The RTL-2832U SDR and ADS-B

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What is ADS-B

Looking for something else neat to try with your new RTL-2832U SDR dongle? How about using it to set up an ADS-B capable aircraft monitoring system.  In a nutshell, ADS-B stands for Automatic Dependent Surveillance Broadcast used by aircraft to broadcast such information as registration number, flight number, altitude, speed, and position in realtime. This data is used as a radar type system that allows ground stations and other aircraft to view the data about each aircraft. The ADS-B system is pretty widely used in some areas such as the UK and is gradually making it’s way into the US. Using an ADS-B receiver and some decoding software, you can view this data and plot the aircraft on a map if it is transmitting its location. The system generally transmits data on 1090MHz. How well this project works for you will depend on your location and how much air traffic passes near you location. Another factor will also be the antenna, its location, and your view of the sky. If you are in the US,  only a small percentage of the aircraft transmit their location along with the other data. However, you may be surprised at how many you can see. ADS-B monitoring has been a fairly popular hobby in the UK among aircraft enthusiasts and has been gaining some traction among hobbyist in the US. Here is a pretty good forum if you are interested in learning more. One of the drawbacks to the ADS-B monitoring hobby has been the cost of the equipment. Dedicated ADS-B receivers tend to be a bit pricey in the $400+ range. Of course this data is freely available at Flightradar24.com and planefinder.net, but you might find it fun to put together your own receiving  station using the $20 – $35 RTL-2832U SDR radio.

SDR Sharp receiving ADS-B Signals

Before you start this project, you may want to take a minute and see if you may be receiving ADS-B signals before setting up the software and such. If you already have your dongle talking to SDR Sharp or HDSDR, tune to 1090MHz. Look carefully at the waterfall display and see if there are any broken lines showing in the waterfall. They may be very faint. so be sure to have your waterfall contrast settings so it will show fairly weak signals. You may never see them if the waterfall is not adjusted properly. You will hear no detectible audio, just static. It is also a good idea to try using the stock antenna, since a larger antenna not tuned specifically for the ADS-B band will not detect the signal. Even if you do not see any signals, it still may be worth a try to set up the project and see what happens. Also, give it a little time since these signals are often sporadic depending on the air traffic in your area.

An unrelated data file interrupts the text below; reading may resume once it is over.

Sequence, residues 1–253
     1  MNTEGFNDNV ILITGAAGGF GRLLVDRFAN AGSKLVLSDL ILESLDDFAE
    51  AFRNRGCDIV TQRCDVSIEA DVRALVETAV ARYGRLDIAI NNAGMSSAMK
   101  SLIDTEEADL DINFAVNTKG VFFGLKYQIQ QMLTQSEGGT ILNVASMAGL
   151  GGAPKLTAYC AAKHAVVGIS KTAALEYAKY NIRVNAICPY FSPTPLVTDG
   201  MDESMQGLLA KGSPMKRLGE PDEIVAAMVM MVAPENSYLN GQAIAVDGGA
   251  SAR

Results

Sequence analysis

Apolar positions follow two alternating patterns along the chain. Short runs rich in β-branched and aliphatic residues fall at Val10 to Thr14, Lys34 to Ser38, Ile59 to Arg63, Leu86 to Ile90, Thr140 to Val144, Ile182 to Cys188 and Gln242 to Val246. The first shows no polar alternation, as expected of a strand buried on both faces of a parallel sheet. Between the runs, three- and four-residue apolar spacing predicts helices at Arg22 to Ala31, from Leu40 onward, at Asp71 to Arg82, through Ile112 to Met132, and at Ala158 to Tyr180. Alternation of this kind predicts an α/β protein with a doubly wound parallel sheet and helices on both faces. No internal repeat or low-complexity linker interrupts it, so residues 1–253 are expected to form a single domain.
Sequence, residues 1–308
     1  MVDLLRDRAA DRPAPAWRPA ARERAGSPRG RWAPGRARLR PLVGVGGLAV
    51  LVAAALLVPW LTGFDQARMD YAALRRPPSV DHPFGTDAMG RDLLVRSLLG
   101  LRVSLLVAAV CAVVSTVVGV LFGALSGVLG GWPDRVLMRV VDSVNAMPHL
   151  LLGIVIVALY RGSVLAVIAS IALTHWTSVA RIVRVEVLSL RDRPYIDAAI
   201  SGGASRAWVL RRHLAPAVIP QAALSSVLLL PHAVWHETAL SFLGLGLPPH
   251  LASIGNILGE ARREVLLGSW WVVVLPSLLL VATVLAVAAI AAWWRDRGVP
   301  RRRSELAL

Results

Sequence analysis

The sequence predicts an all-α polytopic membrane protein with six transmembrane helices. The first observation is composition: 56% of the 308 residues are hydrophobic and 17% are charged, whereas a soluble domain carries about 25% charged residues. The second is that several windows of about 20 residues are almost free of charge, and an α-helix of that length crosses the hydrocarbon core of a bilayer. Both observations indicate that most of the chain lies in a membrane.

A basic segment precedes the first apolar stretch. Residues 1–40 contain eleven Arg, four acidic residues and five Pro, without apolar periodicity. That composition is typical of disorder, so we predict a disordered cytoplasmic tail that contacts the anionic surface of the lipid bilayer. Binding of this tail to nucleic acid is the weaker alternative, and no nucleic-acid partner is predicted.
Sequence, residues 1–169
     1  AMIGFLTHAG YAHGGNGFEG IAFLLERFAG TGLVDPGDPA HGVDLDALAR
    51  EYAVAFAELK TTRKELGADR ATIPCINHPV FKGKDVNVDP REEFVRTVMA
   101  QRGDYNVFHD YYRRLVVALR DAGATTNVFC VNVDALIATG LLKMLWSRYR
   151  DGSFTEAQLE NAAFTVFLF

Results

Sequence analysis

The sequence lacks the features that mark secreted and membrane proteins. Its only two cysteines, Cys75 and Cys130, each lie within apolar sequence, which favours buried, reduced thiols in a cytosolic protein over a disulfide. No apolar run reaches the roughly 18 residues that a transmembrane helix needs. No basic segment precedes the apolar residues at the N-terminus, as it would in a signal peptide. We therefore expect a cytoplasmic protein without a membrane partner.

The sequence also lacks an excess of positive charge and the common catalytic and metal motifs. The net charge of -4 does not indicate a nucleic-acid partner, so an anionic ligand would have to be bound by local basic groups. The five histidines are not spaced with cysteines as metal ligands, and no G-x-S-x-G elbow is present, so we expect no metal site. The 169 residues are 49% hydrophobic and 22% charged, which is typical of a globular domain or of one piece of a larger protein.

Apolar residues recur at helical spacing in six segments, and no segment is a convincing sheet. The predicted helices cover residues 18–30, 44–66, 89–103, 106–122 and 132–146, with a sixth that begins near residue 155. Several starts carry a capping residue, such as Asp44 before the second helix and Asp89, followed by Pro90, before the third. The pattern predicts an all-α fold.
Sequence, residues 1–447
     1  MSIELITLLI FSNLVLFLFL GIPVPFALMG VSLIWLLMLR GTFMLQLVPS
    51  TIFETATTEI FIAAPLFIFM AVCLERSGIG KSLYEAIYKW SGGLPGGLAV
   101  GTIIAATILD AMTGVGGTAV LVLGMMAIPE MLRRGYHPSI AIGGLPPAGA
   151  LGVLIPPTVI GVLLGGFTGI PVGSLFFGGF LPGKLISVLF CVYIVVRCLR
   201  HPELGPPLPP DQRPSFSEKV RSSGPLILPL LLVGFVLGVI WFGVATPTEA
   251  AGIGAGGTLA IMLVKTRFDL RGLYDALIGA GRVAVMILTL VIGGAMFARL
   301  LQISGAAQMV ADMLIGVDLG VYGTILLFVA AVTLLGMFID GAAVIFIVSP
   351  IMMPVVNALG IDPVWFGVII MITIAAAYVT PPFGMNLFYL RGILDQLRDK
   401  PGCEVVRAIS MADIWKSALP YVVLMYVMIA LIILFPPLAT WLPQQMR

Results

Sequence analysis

Linux for Newbies

Ok, there is one little catch to this project. The ADS-B decoding software has to be run under Linux. For you Linux newbies, I would suggest using Ubuntu. Not that Ubuntu is necessarily the best Linux distribution, but everything seems to work more easily. Some of the other distros will work, but you may have to to do a little more fiddling to get it to work. I would also recommend if you have a spare computer, make a Linux machine out of it. You may find it useful to have a Linix box around since this where most of the “cutting edge” RTL-2832U projects will be showing up for awhile. The other option if you are a Windows user, is to install Linux along side of Windows. You will then have a dual boot system where you can choose which OS to start. However, unless you are a power user, you may not want to be monkeying around with your main Windows shack computer. One other option is that if you have a fairly powerful machine is to try installing Ubuntu into a virtual machine like Virtual Box. The downside of this is that the virtual machine will run Linux a bit slower than if it was running directly on the computer since Virtual Machines are “emulating” a computer through software. The advantage of Virtual Machines, is that when your done using Linux, you can simply delete it’s virtual machine since it is mostly kept in one large file.

Okay now that you have Ubuntu up and running, you will need to find the terminal program (ALT-CTRL-T). You probably will want to pin terminal to your task bar since you will use it a lot. Also, don’t forget the password you were required to set up in the Ubuntu install, you may be asked for your password at various steps during the install.